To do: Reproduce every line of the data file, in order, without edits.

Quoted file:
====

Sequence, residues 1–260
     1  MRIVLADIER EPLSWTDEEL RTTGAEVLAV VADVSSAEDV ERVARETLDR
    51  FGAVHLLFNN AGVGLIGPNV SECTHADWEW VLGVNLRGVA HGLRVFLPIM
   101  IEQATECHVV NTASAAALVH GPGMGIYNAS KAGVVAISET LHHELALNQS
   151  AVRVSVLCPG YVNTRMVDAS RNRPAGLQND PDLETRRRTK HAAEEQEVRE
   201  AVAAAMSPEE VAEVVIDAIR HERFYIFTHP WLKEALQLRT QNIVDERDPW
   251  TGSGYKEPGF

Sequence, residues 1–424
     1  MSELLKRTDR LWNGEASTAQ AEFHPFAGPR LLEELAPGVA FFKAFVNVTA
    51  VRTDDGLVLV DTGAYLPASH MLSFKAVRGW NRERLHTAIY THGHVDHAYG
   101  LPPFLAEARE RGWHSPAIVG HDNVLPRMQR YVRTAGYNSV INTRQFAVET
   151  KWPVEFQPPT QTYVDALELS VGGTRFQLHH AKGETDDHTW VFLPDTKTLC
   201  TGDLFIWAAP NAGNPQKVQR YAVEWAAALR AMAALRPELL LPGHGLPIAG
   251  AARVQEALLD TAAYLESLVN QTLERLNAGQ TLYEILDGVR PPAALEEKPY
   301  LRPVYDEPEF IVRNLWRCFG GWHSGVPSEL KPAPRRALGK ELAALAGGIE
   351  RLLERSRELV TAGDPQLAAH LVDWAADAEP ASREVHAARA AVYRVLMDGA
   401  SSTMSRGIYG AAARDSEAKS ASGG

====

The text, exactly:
Sequence, residues 1–260
     1  MRIVLADIER EPLSWTDEEL RTTGAEVLAV VADVSSAEDV ERVARETLDR
    51  FGAVHLLFNN AGVGLIGPNV SECTHADWEW VLGVNLRGVA HGLRVFLPIM
   101  IEQATECHVV NTASAAALVH GPGMGIYNAS KAGVVAISET LHHELALNQS
   151  AVRVSVLCPG YVNTRMVDAS RNRPAGLQND PDLETRRRTK HAAEEQEVRE
   201  AVAAAMSPEE VAEVVIDAIR HERFYIFTHP WLKEALQLRT QNIVDERDPW
   251  TGSGYKEPGF

Sequence, residues 1–424
     1  MSELLKRTDR LWNGEASTAQ AEFHPFAGPR LLEELAPGVA FFKAFVNVTA
    51  VRTDDGLVLV DTGAYLPASH MLSFKAVRGW NRERLHTAIY THGHVDHAYG
   101  LPPFLAEARE RGWHSPAIVG HDNVLPRMQR YVRTAGYNSV INTRQFAVET
   151  KWPVEFQPPT QTYVDALELS VGGTRFQLHH AKGETDDHTW VFLPDTKTLC
   201  TGDLFIWAAP NAGNPQKVQR YAVEWAAALR AMAALRPELL LPGHGLPIAG
   251  AARVQEALLD TAAYLESLVN QTLERLNAGQ TLYEILDGVR PPAALEEKPY
   301  LRPVYDEPEF IVRNLWRCFG GWHSGVPSEL KPAPRRALGK ELAALAGGIE
   351  RLLERSRELV TAGDPQLAAH LVDWAADAEP ASREVHAARA AVYRVLMDGA
   401  SSTMSRGIYG AAARDSEAKS ASGG